- University of Virginia
- Physics Department
Temperature and Solubility
A Physical Science Activity
2003 Virginia SOLs
- PS.5 (Due to the revised 2003 SOLs, this activity no longer
corresponds directly to PS.5, but still can be used to demonstrate physical
- understand that the solubility of a solute is dependent on the temperature
of the solvent;
- understand that the solubility of a substance in water is a characteristic
physical property only at a range of temperatures;
- use the following skills: observing, inferring, measuring, comparing and
- Does temperature effect the solubility of solutes?
The two solids used in this experiment are sodium chloride and
potassium nitrate. Both are white solids and have similar
solubilities at room temperature.
- Before students arrive in class mass out 10.0 grams of each
chemical on separate pieces of paper and place 10 mL of water in
two separate test tubes.
- When the students arrive in class, place the salt in one of
the test tubes and the potassium nitrate in the other. Stopper and
shake the test tubes until no more of each chemical will dissolve.
- Show the students that the two solids have slightly different
solubilities at room temperature. Ask the students if these
chemicals will dissolve similarly at different temperatures.
The solubility of a substance indicates how much of a substance
will dissolve in a given volume of water. The substance being
dissolved is the solute. The substance dissolving is called the
Solubility is a characteristic physical property of both the
solute and the solvent. It is usually expressed in complex units of
grams of solute per 100 mL of solvent. If the student knows the
solubility of a substance in a determined amount of solvent, he or
she can easily calculate the minimum amount of solute needed for the
amount of solvent being used. For example, if a solid powder has a
solubility of 10g/100 mL of water, then 1.0 grams of the same solid
would need 10 mL of water to dissolve. However, most chemicals change
their solubility with the temperature of the solvent and they do so
in a non-linear fashion. The true solubility of a solute in a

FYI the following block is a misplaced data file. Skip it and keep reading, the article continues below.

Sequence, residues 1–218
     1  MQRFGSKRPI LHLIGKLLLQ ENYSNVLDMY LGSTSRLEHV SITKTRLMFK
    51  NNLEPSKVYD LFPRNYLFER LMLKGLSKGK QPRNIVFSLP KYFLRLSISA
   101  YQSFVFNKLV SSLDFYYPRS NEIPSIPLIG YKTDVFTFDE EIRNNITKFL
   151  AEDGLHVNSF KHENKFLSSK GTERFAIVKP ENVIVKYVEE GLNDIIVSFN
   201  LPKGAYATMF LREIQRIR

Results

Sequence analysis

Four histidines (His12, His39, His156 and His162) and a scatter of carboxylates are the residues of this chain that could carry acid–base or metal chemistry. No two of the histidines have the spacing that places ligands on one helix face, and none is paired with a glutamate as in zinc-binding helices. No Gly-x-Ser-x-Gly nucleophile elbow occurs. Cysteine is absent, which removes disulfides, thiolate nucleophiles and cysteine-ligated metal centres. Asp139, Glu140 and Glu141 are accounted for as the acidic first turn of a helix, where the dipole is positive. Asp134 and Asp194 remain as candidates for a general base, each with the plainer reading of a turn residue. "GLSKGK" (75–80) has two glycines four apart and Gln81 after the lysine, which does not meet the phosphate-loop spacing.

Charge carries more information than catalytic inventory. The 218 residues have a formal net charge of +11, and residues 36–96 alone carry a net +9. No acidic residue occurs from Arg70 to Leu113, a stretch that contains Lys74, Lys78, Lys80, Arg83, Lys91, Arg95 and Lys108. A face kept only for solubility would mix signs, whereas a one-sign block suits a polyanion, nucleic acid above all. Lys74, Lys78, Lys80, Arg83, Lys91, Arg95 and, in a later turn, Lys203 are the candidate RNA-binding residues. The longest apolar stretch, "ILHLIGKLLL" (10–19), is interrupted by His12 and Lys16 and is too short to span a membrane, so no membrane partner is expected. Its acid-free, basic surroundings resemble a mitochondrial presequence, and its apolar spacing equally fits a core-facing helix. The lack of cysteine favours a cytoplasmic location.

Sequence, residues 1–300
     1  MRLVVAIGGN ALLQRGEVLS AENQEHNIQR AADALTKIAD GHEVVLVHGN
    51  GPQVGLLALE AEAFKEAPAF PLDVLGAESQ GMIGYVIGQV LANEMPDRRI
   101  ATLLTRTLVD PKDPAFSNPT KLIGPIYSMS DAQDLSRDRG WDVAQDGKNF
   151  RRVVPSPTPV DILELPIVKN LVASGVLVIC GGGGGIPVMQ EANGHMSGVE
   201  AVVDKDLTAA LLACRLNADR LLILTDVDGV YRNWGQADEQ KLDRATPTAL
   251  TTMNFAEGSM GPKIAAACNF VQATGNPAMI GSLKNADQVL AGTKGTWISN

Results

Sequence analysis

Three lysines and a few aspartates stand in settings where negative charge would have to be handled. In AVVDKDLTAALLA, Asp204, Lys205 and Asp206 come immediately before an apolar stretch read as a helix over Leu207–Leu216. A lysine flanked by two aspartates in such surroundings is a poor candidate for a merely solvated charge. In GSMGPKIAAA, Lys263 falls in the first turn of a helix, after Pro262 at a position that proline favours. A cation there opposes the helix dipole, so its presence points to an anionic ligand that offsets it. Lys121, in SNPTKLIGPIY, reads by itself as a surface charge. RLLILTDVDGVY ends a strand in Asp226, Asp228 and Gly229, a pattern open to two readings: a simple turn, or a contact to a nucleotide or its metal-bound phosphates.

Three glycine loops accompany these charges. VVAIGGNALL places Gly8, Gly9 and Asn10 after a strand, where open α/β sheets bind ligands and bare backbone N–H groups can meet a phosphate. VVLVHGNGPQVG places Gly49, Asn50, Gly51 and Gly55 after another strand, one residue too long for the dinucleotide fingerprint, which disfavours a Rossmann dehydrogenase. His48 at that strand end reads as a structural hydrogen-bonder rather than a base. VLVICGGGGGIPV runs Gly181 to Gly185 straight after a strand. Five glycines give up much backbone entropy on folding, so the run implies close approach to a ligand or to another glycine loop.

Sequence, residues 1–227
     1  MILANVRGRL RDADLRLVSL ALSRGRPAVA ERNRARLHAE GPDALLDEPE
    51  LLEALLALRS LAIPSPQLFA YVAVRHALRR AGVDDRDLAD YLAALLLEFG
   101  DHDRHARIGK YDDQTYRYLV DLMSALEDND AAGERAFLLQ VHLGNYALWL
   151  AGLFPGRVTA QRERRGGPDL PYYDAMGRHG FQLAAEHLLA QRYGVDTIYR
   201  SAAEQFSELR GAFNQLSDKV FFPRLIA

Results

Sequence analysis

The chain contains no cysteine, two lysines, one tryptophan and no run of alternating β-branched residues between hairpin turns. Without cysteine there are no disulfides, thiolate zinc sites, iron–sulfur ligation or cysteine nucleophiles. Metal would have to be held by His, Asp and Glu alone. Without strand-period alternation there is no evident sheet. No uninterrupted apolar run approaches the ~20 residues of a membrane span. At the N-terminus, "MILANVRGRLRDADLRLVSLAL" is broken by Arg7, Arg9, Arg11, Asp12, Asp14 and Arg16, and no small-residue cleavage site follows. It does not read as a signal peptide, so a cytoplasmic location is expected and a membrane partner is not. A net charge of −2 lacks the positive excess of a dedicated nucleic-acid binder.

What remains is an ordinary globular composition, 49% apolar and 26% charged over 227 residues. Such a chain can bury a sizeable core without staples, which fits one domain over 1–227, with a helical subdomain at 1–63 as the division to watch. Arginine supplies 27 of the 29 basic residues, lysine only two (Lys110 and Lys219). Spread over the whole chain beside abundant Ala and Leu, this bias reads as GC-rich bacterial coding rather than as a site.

particular solvent must include its solubility at a range of
temperatures. Two chemicals may dissolve the same in water at one
temperature but very differently at another temperature.
To print out the Student Copy only,
- 2 Test tubes (20 x 150 mm)
- Place 10 mL of water into each of the two test tubes.
- Add 10.0 grams of sodium chloride to one and 10.0 grams of
potassium nitrate to the other.
- Place both test tubes in a large beaker of water and stir the
solutions with the stirring rod until both have completely
- Heat the solutions on the hot plate and stir continuously
until the water in the beaker is boiling.
- While heating, try to observe if the solubilities of the
solids are changing equally as the temperature increases.
- When the water has boiled, remove both test tubes and place
each into a beaker of cold water and observe the changes taking
place in each test tube.
To print out the Data Sheet only,
- While the water in the beaker was heating, did both
the solids in the test tubes dissolve at the same rate or
at different rates?
- Describe what happened when the two test tubes were
placed in the beaker of cold water.
- If 5 grams of potassium nitrate (KNO3) were dissolved
in 10 mL of water at room temperature, how much could be
dissolved in 100 grams of water at the same temperature?
- Solubility depends on three factors: the nature of
the solvent, the nature of the solute and the temperature
of the solution. Which factor was the variable in this
An interested class can determine the solubility of potassium
nitrate at various temperatures by assigning each group of students a
different temperature for the water. The data from each group can be
collected and a solubility curve for potassium nitrate constructed.
Pass out a solubility graph of potassium nitrate and other common
chemicals. Have students answer questions concerning the solubilities
of the solids at different temperatures using the information on the